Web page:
Lance Letscher’s new show is an array of his familiar collage style in two dimensions and of iconic objects of adventure (pistols, a full-size motorcycle), expanding the artist’s scope of expression by way of illustrating his first children’s book, The Perfect Machine.
Letscher’s work, long a sort of paper kaleidoscope of broken text and images built from butchered books and other bastions of print arranged in seemingly obsessive patterns, makes the leap from flat ground only after exploding on that surface. The narrative of The Perfect Machine is vividly captured by what are possibly Letscher’s most representational creations thus far, with shards of color and typography and hacked images streaming from the young protagonist’s head–or where a head or body, occluded by the stunning graphic tumult, might be.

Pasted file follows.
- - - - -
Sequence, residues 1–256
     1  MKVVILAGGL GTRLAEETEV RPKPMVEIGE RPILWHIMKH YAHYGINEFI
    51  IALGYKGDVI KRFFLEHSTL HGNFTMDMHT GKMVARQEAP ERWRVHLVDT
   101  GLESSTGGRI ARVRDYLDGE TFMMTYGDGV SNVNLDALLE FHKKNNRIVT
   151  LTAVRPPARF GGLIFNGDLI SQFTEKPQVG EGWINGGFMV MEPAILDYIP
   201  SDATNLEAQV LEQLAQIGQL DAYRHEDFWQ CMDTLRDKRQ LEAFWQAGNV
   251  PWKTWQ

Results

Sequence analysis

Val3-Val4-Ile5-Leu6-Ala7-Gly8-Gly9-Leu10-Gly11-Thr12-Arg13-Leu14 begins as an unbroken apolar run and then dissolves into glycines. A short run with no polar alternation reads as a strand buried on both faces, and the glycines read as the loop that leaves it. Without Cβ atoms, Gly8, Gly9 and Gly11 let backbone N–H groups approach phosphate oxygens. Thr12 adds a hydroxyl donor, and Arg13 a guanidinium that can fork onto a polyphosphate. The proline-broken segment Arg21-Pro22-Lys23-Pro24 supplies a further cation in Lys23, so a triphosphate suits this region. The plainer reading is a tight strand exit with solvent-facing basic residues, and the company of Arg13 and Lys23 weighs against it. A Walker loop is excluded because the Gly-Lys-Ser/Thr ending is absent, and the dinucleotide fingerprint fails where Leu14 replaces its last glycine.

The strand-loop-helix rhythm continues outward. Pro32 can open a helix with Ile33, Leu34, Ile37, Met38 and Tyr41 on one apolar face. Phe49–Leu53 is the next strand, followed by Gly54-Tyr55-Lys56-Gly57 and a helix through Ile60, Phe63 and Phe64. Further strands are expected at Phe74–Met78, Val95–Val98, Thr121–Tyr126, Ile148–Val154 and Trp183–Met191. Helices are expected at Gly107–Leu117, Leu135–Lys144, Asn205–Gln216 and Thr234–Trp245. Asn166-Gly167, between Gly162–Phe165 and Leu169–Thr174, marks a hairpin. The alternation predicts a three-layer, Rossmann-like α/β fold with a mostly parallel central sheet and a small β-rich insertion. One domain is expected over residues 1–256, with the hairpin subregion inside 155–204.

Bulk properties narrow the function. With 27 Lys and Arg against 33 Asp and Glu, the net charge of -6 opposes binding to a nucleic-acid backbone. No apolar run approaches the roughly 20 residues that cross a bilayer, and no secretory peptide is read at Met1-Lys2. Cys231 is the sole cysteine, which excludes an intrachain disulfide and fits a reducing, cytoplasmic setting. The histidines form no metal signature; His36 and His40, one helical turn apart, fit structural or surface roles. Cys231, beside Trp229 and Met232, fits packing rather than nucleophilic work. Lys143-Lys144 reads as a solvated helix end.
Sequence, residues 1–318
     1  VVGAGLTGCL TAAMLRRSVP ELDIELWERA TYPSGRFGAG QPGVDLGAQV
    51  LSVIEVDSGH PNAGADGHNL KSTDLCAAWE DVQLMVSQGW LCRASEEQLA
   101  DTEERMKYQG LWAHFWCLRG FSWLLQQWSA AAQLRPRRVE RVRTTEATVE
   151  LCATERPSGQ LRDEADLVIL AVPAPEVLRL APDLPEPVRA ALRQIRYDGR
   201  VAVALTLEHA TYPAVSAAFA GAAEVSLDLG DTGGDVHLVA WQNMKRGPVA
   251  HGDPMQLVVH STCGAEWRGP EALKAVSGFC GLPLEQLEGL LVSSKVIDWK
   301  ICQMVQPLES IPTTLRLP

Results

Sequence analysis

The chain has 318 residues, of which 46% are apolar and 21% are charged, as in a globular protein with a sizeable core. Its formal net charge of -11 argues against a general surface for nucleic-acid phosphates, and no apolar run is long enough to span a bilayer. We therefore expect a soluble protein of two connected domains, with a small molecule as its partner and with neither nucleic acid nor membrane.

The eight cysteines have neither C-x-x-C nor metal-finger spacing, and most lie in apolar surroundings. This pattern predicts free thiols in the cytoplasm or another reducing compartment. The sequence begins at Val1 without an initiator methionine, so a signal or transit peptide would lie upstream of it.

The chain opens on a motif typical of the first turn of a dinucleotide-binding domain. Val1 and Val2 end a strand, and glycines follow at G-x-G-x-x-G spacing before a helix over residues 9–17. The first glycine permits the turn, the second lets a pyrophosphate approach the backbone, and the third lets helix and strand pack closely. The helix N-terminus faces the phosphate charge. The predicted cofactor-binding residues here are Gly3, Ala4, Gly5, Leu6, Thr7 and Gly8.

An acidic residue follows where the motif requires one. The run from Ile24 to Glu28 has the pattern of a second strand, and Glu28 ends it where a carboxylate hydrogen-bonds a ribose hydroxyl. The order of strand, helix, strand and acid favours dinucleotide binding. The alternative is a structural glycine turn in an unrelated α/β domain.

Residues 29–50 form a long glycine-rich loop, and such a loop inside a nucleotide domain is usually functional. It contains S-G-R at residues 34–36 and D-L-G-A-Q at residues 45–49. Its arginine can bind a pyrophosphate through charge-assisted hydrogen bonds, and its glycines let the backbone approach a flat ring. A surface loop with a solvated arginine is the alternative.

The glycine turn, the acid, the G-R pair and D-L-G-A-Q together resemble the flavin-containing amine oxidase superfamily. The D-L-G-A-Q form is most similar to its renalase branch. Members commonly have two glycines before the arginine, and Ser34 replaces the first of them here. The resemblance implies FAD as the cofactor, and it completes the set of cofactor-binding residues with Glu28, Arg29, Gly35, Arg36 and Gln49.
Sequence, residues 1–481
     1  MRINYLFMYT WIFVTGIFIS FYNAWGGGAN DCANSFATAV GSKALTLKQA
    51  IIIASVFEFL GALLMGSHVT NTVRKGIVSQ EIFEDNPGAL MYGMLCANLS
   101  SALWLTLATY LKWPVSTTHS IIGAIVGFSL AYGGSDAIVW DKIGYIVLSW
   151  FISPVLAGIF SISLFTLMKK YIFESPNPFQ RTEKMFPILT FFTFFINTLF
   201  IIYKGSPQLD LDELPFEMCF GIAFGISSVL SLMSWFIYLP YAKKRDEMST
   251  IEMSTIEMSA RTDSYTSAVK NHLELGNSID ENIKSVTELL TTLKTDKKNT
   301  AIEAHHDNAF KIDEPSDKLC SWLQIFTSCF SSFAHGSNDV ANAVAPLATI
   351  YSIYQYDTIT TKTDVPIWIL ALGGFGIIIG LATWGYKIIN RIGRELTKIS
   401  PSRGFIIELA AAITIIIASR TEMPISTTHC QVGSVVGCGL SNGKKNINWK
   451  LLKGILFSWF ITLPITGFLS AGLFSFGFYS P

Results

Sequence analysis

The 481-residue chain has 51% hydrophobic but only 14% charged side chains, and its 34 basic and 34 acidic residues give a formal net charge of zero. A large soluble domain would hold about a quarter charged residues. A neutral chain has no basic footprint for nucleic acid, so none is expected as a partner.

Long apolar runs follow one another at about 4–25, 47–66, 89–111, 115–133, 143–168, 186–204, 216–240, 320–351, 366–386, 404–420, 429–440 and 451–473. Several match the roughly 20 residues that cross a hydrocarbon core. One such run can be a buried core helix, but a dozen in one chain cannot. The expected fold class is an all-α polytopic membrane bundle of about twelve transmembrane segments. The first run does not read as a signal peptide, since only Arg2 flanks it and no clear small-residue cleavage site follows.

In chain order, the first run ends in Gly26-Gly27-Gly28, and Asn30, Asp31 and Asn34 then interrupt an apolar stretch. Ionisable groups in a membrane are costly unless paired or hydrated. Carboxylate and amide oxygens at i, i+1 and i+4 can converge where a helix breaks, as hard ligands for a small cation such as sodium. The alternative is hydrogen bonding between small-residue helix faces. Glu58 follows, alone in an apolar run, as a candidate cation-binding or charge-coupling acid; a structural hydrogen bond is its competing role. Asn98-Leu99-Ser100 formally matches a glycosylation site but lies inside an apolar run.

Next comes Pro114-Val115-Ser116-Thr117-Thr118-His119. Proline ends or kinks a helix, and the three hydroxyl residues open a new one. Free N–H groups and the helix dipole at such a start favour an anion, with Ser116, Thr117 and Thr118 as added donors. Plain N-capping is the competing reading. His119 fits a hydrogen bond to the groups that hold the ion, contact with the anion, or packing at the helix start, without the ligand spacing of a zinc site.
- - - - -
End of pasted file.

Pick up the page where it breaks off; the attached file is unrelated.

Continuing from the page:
Before images can stream forth, of course, before they’re displayed with the meticulous vigor common in Letscher’s work, images or the idea of images tend to remain locked within a creator’s head. This seems to be the message behind the wide piece called Talking Cure, where dozens of boxes of many colors cover the white ground, waiting only for the therapy of art or something more clinical to unlock them and unpack them and let the contents flow toward greater relief if not actual glory. With this exhibit, though, we suggest one could make a case for glory.
Just seeing these mostly two-dimensional works displayed on the gallery’s walls, observing the brilliantly collaged objects drawing light to their jarring depths, we wouldn’t think they were part of a sequential tale, much less one intended for children. But then, we wouldn’t think that other than the luckiest child in the world—or the most discerning collector—would be gifted with the knowledge of a collection like this.